It’s a part of who I am and affects everything I do. Even when Hollywood is pushing for diversity the representation of South Asian people is little to none. Either you are a caricature or the conversation of race is completely absent. There are varying degrees of South Asians in the US — some who just moved here, some who grew up here and some who grew up in both places. These nuances go unexplored because people want to cater to larger markets and are extremely risk averse. That’s why it’s important for filmmakers like myself and my peers to generate as much content as possible, make it as authentically Indian as possible, so that people in positions of power cannot deny its appeal.
The #TimesUp and #MeToo movements are gaining momentum. What’s your take on this?
I was in LA when the Harvey Weinstein scandal broke out and it was disheartening that the movement in India did not take off at the time. I’m glad that women have finally spoken up. I’ve been reading a lot on it and I see a lot of people fighting the movement or implying that men’s careers are going down too quickly. To that, I say these very women who are speaking out risk losing jobs and probably gained a bad name even in the past when they may have resisted or threatened to take action. In a country where you cannot even enjoy a train journey without fearing someone might grope you, these allegations are not a shock to me. I bet there are women and men who think that accusers are playing victim right now and that is a very warped way to look at this. These men and women who are naming their abusers are fighting an ingrained system of patriarchy. 

What was the inspiration behind making Raksha and why do you think people should watch it?
We created Raksha because we wanted to explore the effects of holding onto cultural beliefs. It is undeniable that our culture is in a constant state of evolution and sometimes holding onto old traditions in a modern day has interesting results. The co-writer, Vidhya Iyer, and I both were experiencing resistance for our career choices and the unwillingness to settle down around the same time. We channeled all that energy into making a film where the protagonist is giving in and being obedient, and somehow things still don’t work in her favour. We want the audience to question the nature vs nature aspect of Archanaa’s life. Is she really cursed or did she become this way because she tried so hard not to fulfill her prophecy? I think people should watch it because it does a good job of showing Indian family dynamics without villainising the parents.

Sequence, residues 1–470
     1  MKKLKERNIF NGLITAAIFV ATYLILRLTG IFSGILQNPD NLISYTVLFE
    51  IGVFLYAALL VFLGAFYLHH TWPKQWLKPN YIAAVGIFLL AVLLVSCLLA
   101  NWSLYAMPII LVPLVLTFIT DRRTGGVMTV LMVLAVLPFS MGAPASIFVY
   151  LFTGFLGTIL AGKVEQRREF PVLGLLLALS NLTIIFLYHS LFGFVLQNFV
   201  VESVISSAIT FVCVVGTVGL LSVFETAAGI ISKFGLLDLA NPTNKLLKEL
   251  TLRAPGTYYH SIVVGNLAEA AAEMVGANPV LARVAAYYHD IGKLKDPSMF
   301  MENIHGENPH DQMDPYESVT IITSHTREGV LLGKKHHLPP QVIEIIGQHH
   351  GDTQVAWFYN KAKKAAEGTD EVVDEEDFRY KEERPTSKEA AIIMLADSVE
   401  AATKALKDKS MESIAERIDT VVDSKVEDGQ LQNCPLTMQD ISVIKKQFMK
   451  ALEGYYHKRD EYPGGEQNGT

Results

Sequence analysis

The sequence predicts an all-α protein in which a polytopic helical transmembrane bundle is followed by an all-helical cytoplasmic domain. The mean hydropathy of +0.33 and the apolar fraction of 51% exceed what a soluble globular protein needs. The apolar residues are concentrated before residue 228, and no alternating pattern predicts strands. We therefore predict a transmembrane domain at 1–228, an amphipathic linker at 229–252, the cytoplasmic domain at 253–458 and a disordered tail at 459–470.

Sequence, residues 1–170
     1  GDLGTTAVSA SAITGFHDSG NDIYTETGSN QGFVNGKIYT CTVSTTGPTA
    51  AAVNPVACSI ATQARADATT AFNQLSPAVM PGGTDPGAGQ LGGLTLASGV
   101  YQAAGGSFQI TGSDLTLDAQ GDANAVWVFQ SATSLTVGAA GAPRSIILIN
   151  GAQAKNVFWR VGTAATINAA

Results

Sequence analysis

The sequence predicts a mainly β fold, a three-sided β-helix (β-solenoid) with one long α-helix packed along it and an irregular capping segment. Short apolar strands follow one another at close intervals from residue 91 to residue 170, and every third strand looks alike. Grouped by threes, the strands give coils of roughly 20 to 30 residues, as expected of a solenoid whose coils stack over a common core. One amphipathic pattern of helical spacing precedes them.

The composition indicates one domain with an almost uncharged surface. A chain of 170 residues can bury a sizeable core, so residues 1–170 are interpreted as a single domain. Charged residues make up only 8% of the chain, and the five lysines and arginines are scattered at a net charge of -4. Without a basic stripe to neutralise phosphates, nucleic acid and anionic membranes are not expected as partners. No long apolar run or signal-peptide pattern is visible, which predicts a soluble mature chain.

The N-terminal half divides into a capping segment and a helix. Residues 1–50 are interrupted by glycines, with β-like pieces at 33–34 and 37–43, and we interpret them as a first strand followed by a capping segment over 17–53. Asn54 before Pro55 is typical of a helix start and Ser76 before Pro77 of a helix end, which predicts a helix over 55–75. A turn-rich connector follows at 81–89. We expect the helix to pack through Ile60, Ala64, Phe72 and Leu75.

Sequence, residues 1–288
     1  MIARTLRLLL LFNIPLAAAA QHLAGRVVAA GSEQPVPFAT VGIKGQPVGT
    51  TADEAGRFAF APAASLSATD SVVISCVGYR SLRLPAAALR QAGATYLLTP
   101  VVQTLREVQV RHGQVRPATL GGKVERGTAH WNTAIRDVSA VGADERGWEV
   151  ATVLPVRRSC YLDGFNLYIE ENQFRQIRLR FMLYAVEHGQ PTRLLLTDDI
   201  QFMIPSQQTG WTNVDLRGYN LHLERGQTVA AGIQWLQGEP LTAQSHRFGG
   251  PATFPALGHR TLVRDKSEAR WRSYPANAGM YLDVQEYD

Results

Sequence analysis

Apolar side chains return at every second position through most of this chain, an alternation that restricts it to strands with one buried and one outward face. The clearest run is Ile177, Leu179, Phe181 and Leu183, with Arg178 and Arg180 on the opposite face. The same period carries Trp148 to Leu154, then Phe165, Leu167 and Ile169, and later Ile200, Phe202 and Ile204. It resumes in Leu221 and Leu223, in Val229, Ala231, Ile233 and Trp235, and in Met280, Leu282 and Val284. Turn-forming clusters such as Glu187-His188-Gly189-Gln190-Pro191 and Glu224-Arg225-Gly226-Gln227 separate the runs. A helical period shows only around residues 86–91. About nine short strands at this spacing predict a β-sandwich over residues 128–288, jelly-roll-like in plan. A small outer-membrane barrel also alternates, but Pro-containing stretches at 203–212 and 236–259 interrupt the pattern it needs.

In India, shorts don’t find a big  market. What should be done to make these films work here?
I think the market is growing. Royal Stag has a film programme and film festivals are growing bigger each year. That said, for short films to have a market, we need actual production companies to acquire shorts and turn them into bigger ideas. If we keep remaking old films or brewing the same musical blockbuster formula films, we might make money but we will suppress some voices that are yearning to be discovered. Screening short films at schools, events and having the filmmakers present will help people understand the process. Most people think Bollywood is impenetrable or cheap but I think if you really want to change it, you have to make movies that reflect that. With each short that makes an impact there is discovery of new talent. It may seem that it’s not economically viable in the short term but it’s a great way to discover and nurture future talent. Short films were never made for monetary gain and probably never will be.